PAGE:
their members,” 24 F.3d 519, 534- 35 (3d Cir. 1994); Medical Institute of Minnesota v. National Association of Trade & Technical Schools required an accrediting agency to “confirm its actions to fundamental principles of fairness,” 817 F.2d 1310, 1314 (8th Cir. 1987); and North Dakota v. North Central Association of Colleges and Secondary Schools, 99 F.2d 697, 700 (7th Cir. 1938) noted that accreditation decisions would not survive if “arrived at arbitrarily and without sufficient evidence.” And more recently, in Professional Massage Training Center, Inc. v. Accreditation Alliance of Career Schools and Colleges, 781 F.3d 161, 170, 172 (4th Cir. 2015) applied the arbitrary and capricious and fairness standards to uphold an accreditation denial.

Notably, these cases are all in the higher education accreditation, and few cases address applying these standards outside that context. See Mot. to Dismiss 17 (citing one 2015 district court case in which the Western District of Virginia declined to extend the federal common law right to due process outside the context of higher education). But given the similarities between the industries—both the higher education and IRO services industries are highly regulated, both provide services affecting the public, and both involve accreditation from private organizations—it is appropriate to follo w the same standard in this accreditation context. 5

Under this deferential analysis, URAC’s decision was not arbitrary or capricious. For each of the four standards upheld by URAC’s Executive Committee, BHM argues that URAC

5 URAC contends that that the duty of good faith and fair dealing does not cover challenges to accreditation decisions, and quotes from cases where courts have dismissed accreditation actions brought under breach of contract. Mot. to Dismiss 34-35. But these cases also reference that the “deferential principles of administrative law” could apply instead. Tsamota Certification Ltd. v. Ansi ASQ Nat’l Accredita tion Bd. LLC, No. 17-cv-839, 2018 WL 1936840, at *6 (E.D. Wis. April 24, 2018); see also Found. For Interior Design Educ. Research v. Savannah Coll. of Art & Design, 244 F.3d 521, 532 (6th Cir. 2001) (“the Foundation did not act in an arbitrary or unreasonable manner in denying the College’s accreditation application”). I therefore assume for the sake of argument that in the District of Columbia, an accreditation decision can be reviewed under an arbitrary and capricious standard.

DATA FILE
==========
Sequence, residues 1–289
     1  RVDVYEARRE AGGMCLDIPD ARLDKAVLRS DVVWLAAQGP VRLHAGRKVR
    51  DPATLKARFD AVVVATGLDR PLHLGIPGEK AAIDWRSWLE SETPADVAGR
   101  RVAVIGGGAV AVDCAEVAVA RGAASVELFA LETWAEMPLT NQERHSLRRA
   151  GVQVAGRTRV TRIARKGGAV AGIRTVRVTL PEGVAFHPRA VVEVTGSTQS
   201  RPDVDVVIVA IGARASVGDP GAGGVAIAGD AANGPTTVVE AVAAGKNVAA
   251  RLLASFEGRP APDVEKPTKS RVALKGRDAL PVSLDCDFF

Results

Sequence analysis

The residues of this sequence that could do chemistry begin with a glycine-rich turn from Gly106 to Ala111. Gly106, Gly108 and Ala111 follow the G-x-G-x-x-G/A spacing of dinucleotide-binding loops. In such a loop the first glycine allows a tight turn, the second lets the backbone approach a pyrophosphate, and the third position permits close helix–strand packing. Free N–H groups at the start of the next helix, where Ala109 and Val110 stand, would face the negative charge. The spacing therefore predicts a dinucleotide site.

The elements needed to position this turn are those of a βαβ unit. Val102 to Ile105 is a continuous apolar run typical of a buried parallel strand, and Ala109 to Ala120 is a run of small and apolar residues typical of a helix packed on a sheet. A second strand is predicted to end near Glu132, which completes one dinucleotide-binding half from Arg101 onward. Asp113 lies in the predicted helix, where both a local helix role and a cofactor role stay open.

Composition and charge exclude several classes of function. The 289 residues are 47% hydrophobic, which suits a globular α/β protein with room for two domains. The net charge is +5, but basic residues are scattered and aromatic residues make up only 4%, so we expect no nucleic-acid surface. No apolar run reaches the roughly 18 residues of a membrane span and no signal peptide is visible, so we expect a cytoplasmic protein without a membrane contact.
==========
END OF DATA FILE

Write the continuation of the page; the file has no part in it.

considered the “wrong” evidence or should have employed other procedures to ensure that it obtained and considered the “ right” evidence. See Mot. for Prelim. Inj. 10-16. As detailed in Section I.B., the arguments that BHM makes to this Court largely mirror those that it advanced in its 26-page written appeal to the Executive Committee.

The Committee’s decision to uphold the findings are supported by the record. For example, for Core Requirement 4(b), not even BHM disputes the fact that it failed to file the annual report necessary for incorporation in Florida, and that its corporate status was dissolved for months as a result. BHM Appeal 7. It argues for essentially a “no harm, no foul” rule because its corporate status was reinstated and made retroactive, but this does not change the fact that the evidence still supports a finding of non-compliance. See id. For Core Requirement 13(a), BHM argues that URAC should have spoken with BHM’s CIO instead of the clinical specialists who showed that they could access the drop-down menu that permits changes to be made to a reviewer’s decision. Id. at 9-10. Again, the evidence—which not only involved this demonstration, but other testimonial evidence as well—supports URAC’s finding, and it was entitled to fashion its investigation in a way that efficiently and sufficiently answered its inquiries. Am. Compl. Ex. 1 Attach 12. Who URAC selects to interview, as well as what questions it asks, and whether and to what extent it conducts any follow-up, are matters within its discretion that neither BHM nor this Court should dictate. The same analysis applies for Core Requirements 17(a)(ii) and 32(b). BHM disputes URAC’s substantive findings and argues that URAC should have ceded to BHM’s explanations for its seeming non -compliance. Mot. for Prelim. Inj. 11-14, 15-16. But URAC, on three separate occasions, two of which were on a blinded basis, determined that evidence gathered during the for-cause investigation was enough to sustain a finding. The final decision-maker, the Executive Committee, made its decision with